Much Ado About Legs and “Leggings”

 

Christmas_Present_Leggings 2
Photo by AllenRaySmith (Own work) [CC BY-SA 4.0 (http://creativecommons.org/licenses/by-sa/4.0)%5D, via Wikimedia Commons

Americans are today up in arms about legs. Specifically, whether or not it is appropriate for girls/women to wear tight-fitting “leggings” or yoga pants when flying on airplanes. Until now this has not been a major issue on the national scene because so far the Trump administration has not issued any travel bans against legging-wearing women, unless of course the woman is a Muslim from certain countries in which case it doesn’t matter what she wears. Fortunately, U.S. courts have banned the Trump bans for now. But maybe the ACLU will take up the case of the leggings ban.

This story goes like this: a female United Airlines gate agent would not allow two teenage girls to board a flight in Denver because the family of the girls were traveling with a United employee pass and wearing leggings under such conditions is forbidden. (What about men? My running pants are rather tight.) It does not appear as though the teens in question are United employees but according to the Washington Post the girls apparently were aware of the employee pass rule.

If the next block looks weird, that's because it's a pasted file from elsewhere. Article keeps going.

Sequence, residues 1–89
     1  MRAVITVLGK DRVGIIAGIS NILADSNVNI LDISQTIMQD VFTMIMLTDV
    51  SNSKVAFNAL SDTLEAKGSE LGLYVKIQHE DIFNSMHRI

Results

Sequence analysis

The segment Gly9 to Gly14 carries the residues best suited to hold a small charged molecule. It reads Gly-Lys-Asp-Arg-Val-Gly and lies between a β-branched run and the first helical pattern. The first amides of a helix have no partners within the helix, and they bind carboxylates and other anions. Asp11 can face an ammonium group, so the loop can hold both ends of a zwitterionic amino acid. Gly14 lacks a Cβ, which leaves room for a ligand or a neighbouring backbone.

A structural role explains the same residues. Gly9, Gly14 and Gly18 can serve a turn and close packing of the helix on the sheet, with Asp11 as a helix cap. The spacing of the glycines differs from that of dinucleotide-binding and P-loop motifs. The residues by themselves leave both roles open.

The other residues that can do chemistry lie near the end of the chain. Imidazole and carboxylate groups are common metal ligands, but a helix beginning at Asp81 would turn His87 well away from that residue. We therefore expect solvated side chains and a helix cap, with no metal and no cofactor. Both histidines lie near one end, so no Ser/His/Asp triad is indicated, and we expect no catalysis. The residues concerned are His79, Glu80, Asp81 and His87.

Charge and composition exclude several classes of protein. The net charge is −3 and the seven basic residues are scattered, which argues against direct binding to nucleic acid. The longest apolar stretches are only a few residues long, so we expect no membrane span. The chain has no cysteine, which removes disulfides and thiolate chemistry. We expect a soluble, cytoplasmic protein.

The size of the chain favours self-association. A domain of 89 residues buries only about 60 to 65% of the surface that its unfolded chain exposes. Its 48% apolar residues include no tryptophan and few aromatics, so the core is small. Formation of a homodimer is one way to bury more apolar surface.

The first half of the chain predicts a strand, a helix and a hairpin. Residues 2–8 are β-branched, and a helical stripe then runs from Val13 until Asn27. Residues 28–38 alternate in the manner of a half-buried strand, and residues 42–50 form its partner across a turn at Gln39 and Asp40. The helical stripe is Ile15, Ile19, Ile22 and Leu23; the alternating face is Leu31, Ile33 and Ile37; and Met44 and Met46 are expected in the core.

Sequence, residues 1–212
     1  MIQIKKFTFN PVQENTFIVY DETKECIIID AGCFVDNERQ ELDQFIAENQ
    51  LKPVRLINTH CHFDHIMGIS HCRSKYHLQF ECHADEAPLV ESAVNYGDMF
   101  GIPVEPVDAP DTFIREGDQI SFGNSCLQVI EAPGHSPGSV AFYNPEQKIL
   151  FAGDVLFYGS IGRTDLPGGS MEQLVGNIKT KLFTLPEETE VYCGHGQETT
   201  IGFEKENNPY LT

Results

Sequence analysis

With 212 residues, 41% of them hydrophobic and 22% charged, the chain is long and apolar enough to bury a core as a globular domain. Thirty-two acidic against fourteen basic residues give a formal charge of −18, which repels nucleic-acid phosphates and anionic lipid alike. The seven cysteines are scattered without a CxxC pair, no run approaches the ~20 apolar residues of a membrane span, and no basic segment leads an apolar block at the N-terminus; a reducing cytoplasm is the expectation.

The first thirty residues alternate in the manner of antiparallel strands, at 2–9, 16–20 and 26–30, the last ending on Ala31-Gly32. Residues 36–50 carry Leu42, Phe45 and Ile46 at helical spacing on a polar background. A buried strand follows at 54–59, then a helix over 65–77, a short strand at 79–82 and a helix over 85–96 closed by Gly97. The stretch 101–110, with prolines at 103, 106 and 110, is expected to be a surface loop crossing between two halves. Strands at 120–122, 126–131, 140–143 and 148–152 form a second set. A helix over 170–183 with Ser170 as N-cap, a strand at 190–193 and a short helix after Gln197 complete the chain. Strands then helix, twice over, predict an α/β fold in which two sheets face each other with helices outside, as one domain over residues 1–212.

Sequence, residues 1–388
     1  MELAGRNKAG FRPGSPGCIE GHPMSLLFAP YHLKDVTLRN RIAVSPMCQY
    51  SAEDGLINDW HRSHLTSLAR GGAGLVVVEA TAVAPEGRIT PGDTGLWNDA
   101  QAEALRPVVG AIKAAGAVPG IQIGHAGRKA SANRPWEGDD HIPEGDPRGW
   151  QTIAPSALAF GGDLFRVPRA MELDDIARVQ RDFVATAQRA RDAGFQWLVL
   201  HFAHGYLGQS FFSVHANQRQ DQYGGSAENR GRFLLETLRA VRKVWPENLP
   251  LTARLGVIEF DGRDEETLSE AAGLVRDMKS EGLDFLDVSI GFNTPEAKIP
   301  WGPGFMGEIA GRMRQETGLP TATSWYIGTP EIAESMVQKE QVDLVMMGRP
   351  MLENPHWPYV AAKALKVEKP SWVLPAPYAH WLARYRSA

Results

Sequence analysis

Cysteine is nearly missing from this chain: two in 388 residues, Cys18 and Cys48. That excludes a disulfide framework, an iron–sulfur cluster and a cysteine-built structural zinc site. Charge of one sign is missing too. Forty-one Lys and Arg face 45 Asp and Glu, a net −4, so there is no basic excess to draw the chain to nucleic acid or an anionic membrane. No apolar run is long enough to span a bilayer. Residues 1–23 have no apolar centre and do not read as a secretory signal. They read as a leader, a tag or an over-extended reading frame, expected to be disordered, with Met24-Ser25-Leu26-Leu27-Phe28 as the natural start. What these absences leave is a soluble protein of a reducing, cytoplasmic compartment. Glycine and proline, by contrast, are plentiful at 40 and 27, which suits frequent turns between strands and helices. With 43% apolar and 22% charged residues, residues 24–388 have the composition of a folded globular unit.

Airlines can prohibit any passengers from boarding who are not “properly clothed” for safety reasons, though except for the case of not wearing anything on one’s feet at all (which would make getting through the security line a little easier), it is not clear how improper clothing is defined. A third teen girl was able to place a skirt over her leggings and was then allowed to board.

On second thought, the ACLU won’t likely take this case because a corporation (a private entity) is within its rights to enforce a dress code, however arbitrary and sexist it may be. Shall we soon see no very short shorts on women in airports, no mini-skirts, no bare female legs at all? What about men in tank-tops? (Most private establishments require some sort of shirt and shoes.) Are bikinis for either gender taboo on an airplane? How does baring skin or wearing skin-tight pants on a flight compromise safety?

Perhaps United Airlines will eventually explain why employees traveling with a special pass cannot be as casually dressed as everyone else. Is it simply a matter of public relations? But how will anyone know who is an airline employee since formal uniforms are not required? Or perhaps I and we are spending too much time thinking about this issue. Personally, I am not offended by any girl or woman wearing leggings or yoga pants in any public setting. And if we wait awhile, the next fad in women’s wear may be long skirts which, for all I know, may be even more comfortable.

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